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                            One Mom's Tips

I thought I might share some things I've learned along the way in dealing with different things.

The most important thing that anyone's ever told me is this "Trust your instincts, you know 
your child better than anyone." Important lesson to always remember regarding that statement 
you have the most vested interest in your child regardless of what any Dr., school, or other 
person tells you.

The most effective way to deal with unwanted behaviors is to find out what is causing the 
behavior in the first place. I'm not saying excuse all bad behavior. But there is usually a 
reason that they happen to begin with. Two key things I've found with my child that lead 
to problem behaviors:

#1 Frustration--when my child has a problem communicating his feelings or feels he's not 
being understood. (sometimes this may include facial expressions; this happened to me he 
thought I was mad and I was only in deep thought)

#2 Sensory Overload--for my child this is usually when there is too much noise for a given 
length of time or a big change of schedule. sensory issues for some include light, touch, 
sound, smell, etc)

How do we deal with this? First we identify what the problem is. We use a step by step 
plan to help B. learn how to deal with the situation in a more effective way. We practice 
until he learns each step until finally he knows exactly what to do. You don't have to be 
a psychologist or a rocket scientist to do this. Use whatever your child understands best.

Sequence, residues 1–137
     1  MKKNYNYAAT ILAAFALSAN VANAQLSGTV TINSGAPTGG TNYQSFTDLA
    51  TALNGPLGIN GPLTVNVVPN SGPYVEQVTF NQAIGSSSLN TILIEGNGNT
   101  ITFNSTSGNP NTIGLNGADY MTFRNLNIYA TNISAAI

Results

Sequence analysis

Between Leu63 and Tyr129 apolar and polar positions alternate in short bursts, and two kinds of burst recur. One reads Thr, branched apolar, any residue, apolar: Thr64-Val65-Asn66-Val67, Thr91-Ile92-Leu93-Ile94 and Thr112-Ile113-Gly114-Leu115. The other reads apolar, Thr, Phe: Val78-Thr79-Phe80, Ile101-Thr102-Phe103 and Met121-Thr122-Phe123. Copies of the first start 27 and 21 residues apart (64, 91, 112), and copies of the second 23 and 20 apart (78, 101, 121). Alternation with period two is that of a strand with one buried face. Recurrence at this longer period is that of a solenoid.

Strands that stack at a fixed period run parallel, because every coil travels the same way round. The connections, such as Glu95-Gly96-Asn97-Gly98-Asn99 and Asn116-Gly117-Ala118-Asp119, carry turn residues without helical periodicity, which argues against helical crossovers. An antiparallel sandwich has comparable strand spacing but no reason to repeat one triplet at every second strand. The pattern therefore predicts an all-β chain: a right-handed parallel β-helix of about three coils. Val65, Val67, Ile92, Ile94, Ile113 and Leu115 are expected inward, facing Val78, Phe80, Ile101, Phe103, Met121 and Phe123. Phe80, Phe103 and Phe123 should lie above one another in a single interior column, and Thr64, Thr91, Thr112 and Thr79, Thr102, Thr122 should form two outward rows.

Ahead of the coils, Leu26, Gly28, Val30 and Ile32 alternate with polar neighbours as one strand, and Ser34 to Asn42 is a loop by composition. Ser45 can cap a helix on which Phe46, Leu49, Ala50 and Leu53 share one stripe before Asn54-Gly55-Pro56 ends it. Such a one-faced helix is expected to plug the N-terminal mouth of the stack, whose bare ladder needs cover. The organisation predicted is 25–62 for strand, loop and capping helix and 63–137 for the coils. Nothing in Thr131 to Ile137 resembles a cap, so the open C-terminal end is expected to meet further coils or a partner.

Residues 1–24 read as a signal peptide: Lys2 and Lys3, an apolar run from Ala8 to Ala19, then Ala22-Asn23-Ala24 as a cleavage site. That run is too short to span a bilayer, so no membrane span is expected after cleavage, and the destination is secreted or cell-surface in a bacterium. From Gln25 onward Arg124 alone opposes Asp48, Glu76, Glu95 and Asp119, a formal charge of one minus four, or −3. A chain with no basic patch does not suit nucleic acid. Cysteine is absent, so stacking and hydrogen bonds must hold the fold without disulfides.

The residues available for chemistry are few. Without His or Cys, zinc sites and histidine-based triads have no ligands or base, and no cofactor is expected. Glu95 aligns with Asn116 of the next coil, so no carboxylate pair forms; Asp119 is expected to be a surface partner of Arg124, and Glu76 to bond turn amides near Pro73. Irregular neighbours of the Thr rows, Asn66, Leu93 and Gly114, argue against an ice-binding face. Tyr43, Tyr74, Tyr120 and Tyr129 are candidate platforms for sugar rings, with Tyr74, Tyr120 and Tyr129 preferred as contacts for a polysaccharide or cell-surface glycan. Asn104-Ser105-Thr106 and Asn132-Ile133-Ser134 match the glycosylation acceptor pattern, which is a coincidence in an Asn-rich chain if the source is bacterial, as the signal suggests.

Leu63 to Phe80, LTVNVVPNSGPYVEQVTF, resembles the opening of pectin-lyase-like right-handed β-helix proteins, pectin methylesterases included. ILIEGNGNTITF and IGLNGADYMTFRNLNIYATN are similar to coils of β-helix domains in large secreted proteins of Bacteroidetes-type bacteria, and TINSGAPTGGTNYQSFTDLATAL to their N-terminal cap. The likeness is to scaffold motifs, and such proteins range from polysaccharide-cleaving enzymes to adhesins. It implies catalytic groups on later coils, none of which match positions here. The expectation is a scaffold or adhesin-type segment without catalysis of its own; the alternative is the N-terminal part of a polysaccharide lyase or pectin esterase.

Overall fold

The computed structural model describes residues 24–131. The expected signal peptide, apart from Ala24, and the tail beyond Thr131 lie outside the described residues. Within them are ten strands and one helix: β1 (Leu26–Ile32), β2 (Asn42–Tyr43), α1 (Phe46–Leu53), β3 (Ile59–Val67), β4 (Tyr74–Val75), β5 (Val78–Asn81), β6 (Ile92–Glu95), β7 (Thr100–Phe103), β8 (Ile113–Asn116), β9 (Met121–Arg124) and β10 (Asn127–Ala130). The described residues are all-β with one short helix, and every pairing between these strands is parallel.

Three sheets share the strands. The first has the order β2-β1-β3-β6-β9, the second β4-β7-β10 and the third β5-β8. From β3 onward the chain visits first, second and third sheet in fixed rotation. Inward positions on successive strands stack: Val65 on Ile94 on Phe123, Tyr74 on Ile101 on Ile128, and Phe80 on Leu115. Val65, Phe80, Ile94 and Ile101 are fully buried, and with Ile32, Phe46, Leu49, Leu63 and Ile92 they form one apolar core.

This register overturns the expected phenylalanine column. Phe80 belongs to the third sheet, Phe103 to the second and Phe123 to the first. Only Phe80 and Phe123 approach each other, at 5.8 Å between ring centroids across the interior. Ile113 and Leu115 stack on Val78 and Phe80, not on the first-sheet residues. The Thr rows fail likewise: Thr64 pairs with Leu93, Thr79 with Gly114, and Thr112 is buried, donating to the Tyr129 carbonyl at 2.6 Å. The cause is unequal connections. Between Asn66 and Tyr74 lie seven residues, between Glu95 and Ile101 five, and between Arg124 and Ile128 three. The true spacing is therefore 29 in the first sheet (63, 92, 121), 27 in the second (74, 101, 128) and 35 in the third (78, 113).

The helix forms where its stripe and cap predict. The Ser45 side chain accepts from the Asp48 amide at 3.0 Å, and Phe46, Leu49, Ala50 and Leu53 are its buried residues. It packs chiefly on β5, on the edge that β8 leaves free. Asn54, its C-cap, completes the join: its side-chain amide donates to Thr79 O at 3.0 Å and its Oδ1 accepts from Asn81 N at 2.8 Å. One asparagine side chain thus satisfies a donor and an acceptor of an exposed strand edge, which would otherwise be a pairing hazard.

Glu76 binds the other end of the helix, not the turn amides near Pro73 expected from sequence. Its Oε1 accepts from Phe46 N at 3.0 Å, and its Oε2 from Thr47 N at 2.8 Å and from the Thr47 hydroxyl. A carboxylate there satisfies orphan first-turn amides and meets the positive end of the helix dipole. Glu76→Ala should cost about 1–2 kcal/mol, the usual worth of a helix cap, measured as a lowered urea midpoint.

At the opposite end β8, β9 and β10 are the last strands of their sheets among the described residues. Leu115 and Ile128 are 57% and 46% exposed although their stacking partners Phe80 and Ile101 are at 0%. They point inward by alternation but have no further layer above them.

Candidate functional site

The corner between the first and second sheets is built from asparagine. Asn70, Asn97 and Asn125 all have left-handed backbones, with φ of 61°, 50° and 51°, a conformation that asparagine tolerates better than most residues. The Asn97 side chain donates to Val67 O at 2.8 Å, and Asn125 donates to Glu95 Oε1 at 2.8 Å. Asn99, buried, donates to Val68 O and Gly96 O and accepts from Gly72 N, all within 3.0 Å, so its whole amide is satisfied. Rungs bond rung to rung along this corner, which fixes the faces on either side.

It may mean play acting out such & such situation and walking them through it, using 
puppets or writing a storybook using real or drawn pictures. But the main idea is that you 
want for your child to have a plan that works for him instead of being on the defense 
constantly. (Oh I know I said two but thought of one more.) Be sure to take the time to 
listen to your child every day. You'd be surprised at what they will tell you or show you. 
Can you just imagine never being heard completely?


This is one area that can be kind of sticky. Maybe you've been really lucky with this and 
maybe not. I've learned a lot of work arounds for this that have been helpful for my child. 
It's called dealing with obsessions.

When my son's chief obsession was dinosaurs, I found you could use them to teach just 
about anything you ever dreamed of. Use your imagination it doesn't take much. We used 
dinosaurs to do math, science, reading, english, health and every other thing you could think of.

Math: 8 dinosaurs + 2 dinosaurs = ? (addition) 
          The brontosaurus eats lunch at ? time. (telling time)

English: Learn the parts of speech using dinosaur sentences. 
              Diagram dinosaur sentences.

Reading: Read dinosaur books and ask questions 
                  or let your child tell you about the book.

Health: What kind of foods do they dinosaurs eat to stay healthy?

Then try expanding on these and you may be surprised at how quickly  they become 
interested in learning about other things. One of those little volcanoes filled with dinosaurs